Aiming high: Young sharpshooters take part in rifle competition at Indigenous Games


Mark Anthony Roberts, 17, competes in rifle shooting at the North American Indigenous Games on Wednesday. (CBC)

Transition from hunting to competition a natural one for many athletes at North American Indigenous Games

By Tim Fontaine, CBC News, July 19, 2017

The rifle shooting competition is in its second day at the North American Indigenous Games, with dozens of young sharpshooters from across the continent hitting target after target at the Toronto International Trap & Skeet Club in Cookstown, Ont., on Wednesday.

One of the leading athletes in the competition is Mark Anthony Roberts, 17, from Campbell River, B.C., who first picked up a rifle when he was just 11 years old.

“It was scary; it was a bigger-calibre rifle, my brother’s,” he recalled.

That fear quickly turned into what he believes will be a lifelong passion for shooting — and hunting. This is already Roberts’s second NAIG and he’s been in other competitions as well.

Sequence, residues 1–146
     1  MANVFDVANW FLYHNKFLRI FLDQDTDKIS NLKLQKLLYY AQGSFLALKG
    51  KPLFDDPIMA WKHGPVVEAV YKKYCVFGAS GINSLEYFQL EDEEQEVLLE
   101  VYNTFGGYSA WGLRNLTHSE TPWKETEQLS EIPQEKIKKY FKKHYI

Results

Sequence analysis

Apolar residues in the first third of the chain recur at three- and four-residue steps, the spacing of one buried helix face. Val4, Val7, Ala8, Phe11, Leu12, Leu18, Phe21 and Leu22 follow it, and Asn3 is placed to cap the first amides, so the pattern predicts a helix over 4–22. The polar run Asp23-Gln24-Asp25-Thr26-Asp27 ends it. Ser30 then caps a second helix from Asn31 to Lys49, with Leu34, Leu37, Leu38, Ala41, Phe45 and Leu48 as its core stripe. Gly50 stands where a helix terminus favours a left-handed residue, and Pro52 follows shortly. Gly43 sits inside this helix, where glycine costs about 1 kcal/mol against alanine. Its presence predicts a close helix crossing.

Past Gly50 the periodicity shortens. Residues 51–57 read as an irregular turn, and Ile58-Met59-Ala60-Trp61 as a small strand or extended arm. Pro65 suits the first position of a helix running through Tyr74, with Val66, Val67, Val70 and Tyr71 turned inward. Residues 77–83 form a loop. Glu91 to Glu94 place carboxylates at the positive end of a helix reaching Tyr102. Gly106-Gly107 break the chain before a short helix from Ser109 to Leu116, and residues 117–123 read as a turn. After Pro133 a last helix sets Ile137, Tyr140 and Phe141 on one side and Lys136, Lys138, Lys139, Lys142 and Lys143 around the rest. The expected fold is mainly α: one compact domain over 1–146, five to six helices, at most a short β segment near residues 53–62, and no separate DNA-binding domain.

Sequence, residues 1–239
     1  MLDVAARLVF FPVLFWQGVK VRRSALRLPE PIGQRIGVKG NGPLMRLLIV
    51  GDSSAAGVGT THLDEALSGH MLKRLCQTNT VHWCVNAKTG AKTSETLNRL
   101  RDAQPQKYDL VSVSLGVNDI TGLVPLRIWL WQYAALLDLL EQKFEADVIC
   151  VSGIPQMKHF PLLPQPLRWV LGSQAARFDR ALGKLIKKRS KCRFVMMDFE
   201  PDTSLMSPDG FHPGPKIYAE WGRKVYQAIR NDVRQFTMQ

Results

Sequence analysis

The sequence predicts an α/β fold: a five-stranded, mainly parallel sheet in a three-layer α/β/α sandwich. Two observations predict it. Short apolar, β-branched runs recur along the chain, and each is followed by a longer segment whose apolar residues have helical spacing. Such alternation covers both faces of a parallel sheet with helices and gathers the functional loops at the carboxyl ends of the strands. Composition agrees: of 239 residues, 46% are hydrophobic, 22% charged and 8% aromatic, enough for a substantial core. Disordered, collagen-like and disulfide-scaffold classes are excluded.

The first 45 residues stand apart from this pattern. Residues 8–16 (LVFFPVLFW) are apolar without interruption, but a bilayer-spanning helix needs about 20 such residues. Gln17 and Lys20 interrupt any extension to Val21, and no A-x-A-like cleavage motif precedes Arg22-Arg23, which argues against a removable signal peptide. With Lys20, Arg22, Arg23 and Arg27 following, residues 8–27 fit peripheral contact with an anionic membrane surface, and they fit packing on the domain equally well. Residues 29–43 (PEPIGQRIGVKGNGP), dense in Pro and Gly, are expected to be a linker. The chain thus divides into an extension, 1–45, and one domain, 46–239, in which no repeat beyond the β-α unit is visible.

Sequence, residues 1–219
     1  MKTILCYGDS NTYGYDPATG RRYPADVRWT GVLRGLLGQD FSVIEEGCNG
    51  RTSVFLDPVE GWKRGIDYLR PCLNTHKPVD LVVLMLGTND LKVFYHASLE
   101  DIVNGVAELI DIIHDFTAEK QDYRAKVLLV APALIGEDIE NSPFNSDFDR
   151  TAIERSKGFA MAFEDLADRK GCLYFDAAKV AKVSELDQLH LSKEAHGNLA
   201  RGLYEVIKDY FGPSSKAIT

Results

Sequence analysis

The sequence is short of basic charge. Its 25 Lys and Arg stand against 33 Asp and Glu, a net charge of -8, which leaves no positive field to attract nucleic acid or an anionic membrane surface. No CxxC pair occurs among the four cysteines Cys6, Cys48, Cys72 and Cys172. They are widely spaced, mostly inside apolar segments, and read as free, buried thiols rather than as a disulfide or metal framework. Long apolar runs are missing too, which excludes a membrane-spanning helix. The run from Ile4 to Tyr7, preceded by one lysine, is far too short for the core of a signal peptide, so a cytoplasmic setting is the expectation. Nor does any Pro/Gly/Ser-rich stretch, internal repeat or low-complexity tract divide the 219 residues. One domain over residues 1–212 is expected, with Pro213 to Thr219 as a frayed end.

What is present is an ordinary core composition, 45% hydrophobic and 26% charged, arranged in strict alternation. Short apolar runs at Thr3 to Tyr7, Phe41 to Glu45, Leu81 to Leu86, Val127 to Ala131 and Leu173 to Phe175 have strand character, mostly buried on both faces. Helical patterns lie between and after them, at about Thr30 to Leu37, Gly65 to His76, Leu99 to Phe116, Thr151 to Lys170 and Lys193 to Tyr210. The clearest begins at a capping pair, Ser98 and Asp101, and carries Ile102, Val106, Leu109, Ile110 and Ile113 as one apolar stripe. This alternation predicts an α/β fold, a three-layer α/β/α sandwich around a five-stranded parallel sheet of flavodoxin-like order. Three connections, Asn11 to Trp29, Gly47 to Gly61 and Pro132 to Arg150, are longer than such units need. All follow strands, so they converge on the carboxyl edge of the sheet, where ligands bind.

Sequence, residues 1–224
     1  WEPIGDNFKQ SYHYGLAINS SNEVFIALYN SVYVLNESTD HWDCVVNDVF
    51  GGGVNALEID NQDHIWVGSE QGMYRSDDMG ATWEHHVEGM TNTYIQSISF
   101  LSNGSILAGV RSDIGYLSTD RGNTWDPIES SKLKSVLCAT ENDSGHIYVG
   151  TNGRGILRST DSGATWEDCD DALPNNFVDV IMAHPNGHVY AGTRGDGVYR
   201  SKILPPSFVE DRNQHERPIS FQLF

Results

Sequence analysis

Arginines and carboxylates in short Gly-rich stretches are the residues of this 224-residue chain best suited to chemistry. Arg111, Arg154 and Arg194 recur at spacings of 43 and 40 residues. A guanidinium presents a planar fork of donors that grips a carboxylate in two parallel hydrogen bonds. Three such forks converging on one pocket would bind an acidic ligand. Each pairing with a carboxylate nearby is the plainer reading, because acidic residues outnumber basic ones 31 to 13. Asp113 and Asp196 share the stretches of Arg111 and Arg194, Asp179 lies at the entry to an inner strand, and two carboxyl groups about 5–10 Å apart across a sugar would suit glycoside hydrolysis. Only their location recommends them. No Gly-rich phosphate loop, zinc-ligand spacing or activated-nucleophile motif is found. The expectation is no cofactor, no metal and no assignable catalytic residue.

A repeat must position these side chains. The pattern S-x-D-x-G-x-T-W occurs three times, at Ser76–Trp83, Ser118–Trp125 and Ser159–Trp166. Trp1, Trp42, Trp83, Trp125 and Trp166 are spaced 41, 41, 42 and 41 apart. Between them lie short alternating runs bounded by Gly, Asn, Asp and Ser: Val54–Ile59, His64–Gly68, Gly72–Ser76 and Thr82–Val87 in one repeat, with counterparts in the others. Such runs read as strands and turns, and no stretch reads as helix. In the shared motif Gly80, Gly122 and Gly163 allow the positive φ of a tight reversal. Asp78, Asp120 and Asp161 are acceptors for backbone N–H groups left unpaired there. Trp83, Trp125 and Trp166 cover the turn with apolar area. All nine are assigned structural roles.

Bringing home gold

Competitors use .22-calibre rifles to hit a series of targets from 50 metres, using nothing but their naked eye. The NAIG competition includes three shooting positions: prone, kneeling and standing.

“Standing is definitely the hardest,” Roberts said. “After a while, your arms get pretty tired.”

But fatigue did little to affect his performance and by Wednesday, Roberts had already won a gold medal for B.C. and seems destined for another.

“I’d like to go to the Olympics,” he said confidently.

From tradition to competition

For many of the competitors at the NAIG, their first shooting experience involves hunting for food.


Haley McCallum-Naytowhow, 17, says she keeps her shooting skills sharp by hunting moose in Saskatchewan. (CBC)

From Team Saskatchewan, Haley McCallum-Naytowhow, 17, remembers her father taking out into a field and asking her to shoot at an empty can.

She hit it on the first try.

“I’ve been shooting ever since,” she said, adding that she hunts to keep sharp when she’s not competing.

“Moose, basically, that’s all I hunt.”

McCallum-Naytowhow won a gold medal already at the 2017 games, and two silver medals at the 2014 games.

She said she wants to coach at the next Indigenous Games and she has a message for younger people who might want to follow in her footsteps.

“Be strong, keep your head up and be confident with it. Don’t ever doubt yourself.”

Posted on July 20, 2017, in Warrior Fieldcraft and tagged , , , , , . Bookmark the permalink. Leave a comment.

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